Wives, submit to your husbands, as is fitting for those who belong to the Lord. Husbands, love your wives and never treat them harshly. [Colossians 3:18-19 (NLT)]
And further, submit to one another out of reverence for Christ. For wives, this means submit to your husbands as to the Lord. … For husbands, this means love your wives, just as Christ loved the church. [Ephesians 5:21-22,25 (NLT)]
Before I actually read much of what he wrote, I used to think the Apostle Paul was a bit of a misogynist; I’m probably not the only person to think so. Throughout the ages, women have been mistreated, exploited, demeaned, and discounted. We’ve had the vote for less than a century and it wasn’t that long ago when our career choices were pretty much limited to teaching or nursing. Today, women continue to earn only about two-thirds of what men make for similar work and professional women still bump their heads on the glass ceiling. We women want freedom and empowerment and Paul’s use of the word “submit” makes us bristle as we think of cringing, passivity, surrender, buckling under, and servility. We’ve come too far for that!
Paul’s words regarding submission, however, deserve more than a quick dismissal as being outdated or politically incorrect. We submit to people all the time. We yield at intersections, we move to the side so someone can pass on the sidewalk, or we hold a door. Submission is part of living in a community. We submit to one another because we’re in this crazy world together and surviving it takes a cooperative effort. Why then is it so hard to admit that I submit to my husband—the man I’ve loved and cherished for nearly 49 years? In actuality, I submit to him regularly out of respect, affection, or persuasion (I just don’t use the word “submit”). In those situations where I am correct (not nearly as often as I wish), he, in turn, defers (or submits) to me. While we recognize one another’s rights, we also recognize our obligation to serve one another.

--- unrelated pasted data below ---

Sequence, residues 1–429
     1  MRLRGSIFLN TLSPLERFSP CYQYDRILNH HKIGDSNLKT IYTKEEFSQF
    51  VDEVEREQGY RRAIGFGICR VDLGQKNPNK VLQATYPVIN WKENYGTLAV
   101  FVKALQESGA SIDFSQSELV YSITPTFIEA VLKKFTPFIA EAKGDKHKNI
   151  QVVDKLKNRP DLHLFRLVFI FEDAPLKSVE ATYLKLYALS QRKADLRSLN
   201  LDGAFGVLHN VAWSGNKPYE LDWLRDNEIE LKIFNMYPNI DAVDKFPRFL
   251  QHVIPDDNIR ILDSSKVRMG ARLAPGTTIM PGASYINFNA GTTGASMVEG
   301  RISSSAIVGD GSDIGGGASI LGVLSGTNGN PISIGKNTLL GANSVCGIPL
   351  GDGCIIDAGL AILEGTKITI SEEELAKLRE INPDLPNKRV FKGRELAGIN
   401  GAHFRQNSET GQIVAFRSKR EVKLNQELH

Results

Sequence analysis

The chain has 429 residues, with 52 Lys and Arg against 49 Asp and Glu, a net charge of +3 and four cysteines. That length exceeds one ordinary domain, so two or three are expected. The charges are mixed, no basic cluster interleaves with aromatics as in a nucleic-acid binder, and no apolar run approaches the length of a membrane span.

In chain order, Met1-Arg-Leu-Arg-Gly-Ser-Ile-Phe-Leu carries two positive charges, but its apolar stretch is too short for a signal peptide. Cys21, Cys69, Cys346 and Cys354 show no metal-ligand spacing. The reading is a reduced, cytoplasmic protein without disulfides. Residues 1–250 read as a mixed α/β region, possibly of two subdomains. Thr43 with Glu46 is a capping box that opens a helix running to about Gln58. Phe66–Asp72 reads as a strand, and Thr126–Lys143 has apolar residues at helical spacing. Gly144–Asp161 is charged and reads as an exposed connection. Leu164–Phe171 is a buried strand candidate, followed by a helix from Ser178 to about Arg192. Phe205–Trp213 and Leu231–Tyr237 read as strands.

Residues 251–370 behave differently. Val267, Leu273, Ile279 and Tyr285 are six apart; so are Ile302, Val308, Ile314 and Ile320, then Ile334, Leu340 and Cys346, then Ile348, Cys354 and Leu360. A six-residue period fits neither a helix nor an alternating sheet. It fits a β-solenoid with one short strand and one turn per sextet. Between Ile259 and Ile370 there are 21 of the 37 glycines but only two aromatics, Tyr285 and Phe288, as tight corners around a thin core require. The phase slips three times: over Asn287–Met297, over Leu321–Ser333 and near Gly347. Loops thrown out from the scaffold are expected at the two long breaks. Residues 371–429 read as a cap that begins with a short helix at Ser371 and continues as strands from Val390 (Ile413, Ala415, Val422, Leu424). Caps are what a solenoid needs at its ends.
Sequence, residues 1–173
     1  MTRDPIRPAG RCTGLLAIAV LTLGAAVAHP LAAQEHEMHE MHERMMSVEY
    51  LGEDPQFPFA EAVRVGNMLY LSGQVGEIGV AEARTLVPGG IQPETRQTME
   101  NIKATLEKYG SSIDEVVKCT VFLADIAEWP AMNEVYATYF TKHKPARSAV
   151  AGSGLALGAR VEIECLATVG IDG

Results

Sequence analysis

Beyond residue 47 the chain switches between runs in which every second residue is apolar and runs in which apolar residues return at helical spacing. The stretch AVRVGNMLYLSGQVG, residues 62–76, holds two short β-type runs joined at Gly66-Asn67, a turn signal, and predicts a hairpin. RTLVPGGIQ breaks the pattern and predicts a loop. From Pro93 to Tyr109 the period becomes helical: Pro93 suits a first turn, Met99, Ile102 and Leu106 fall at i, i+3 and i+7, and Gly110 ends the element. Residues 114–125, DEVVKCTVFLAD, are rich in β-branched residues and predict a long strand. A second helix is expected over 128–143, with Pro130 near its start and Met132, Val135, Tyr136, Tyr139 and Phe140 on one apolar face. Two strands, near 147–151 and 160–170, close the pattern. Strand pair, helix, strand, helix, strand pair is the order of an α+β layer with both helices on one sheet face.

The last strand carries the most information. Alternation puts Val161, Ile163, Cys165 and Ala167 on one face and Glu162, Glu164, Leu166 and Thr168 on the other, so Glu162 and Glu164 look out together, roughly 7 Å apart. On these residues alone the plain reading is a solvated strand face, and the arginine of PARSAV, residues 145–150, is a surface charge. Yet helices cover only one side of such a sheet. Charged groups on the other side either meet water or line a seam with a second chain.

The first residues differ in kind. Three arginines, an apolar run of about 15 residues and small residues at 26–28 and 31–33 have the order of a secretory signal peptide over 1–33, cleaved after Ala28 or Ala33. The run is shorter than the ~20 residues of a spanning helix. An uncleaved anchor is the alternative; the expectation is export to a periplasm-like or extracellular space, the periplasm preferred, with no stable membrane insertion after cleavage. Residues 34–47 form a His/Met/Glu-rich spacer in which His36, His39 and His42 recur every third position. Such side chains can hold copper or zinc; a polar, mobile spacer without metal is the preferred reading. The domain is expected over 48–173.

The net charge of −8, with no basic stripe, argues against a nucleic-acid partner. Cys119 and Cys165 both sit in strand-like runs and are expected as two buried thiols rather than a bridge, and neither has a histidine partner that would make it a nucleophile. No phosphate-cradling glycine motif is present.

When we, as Christians, bear one another’s burdens, we are submitting. When we don’t dominate, we are submitting. When we are humble, we submit. When we respond to one another’s needs, we submit. Submission is a sign of strength, not weakness, and it neither elevates one person above the other nor does it cancel their equality. Submission, unlike obedience, is not a response to rules but a response to reason. Obedience is imposed but submission is freely given. Obedience doesn’t require a relationship; submission does. Submission is what happens when there is a collaborative effort and any relationship worth having takes a collaborative effort.
How, after reading Paul’s words in 1 Corinthians 13, I could ever think of him as a misogynist is beyond me. The unmarried Paul probably didn’t know a lot about eros love, the kind we read about in Solomon’s Song of Songs, but he sure knew a great deal about agape love: selfless, sacrificial, and unconditional love. While sensual love between husband and wife is part of a healthy marriage, it is not the kind of love that holds a couple together for decades, for better and worse, in sickness and health. That is agape love—the kind of love that, among other things, requires submission.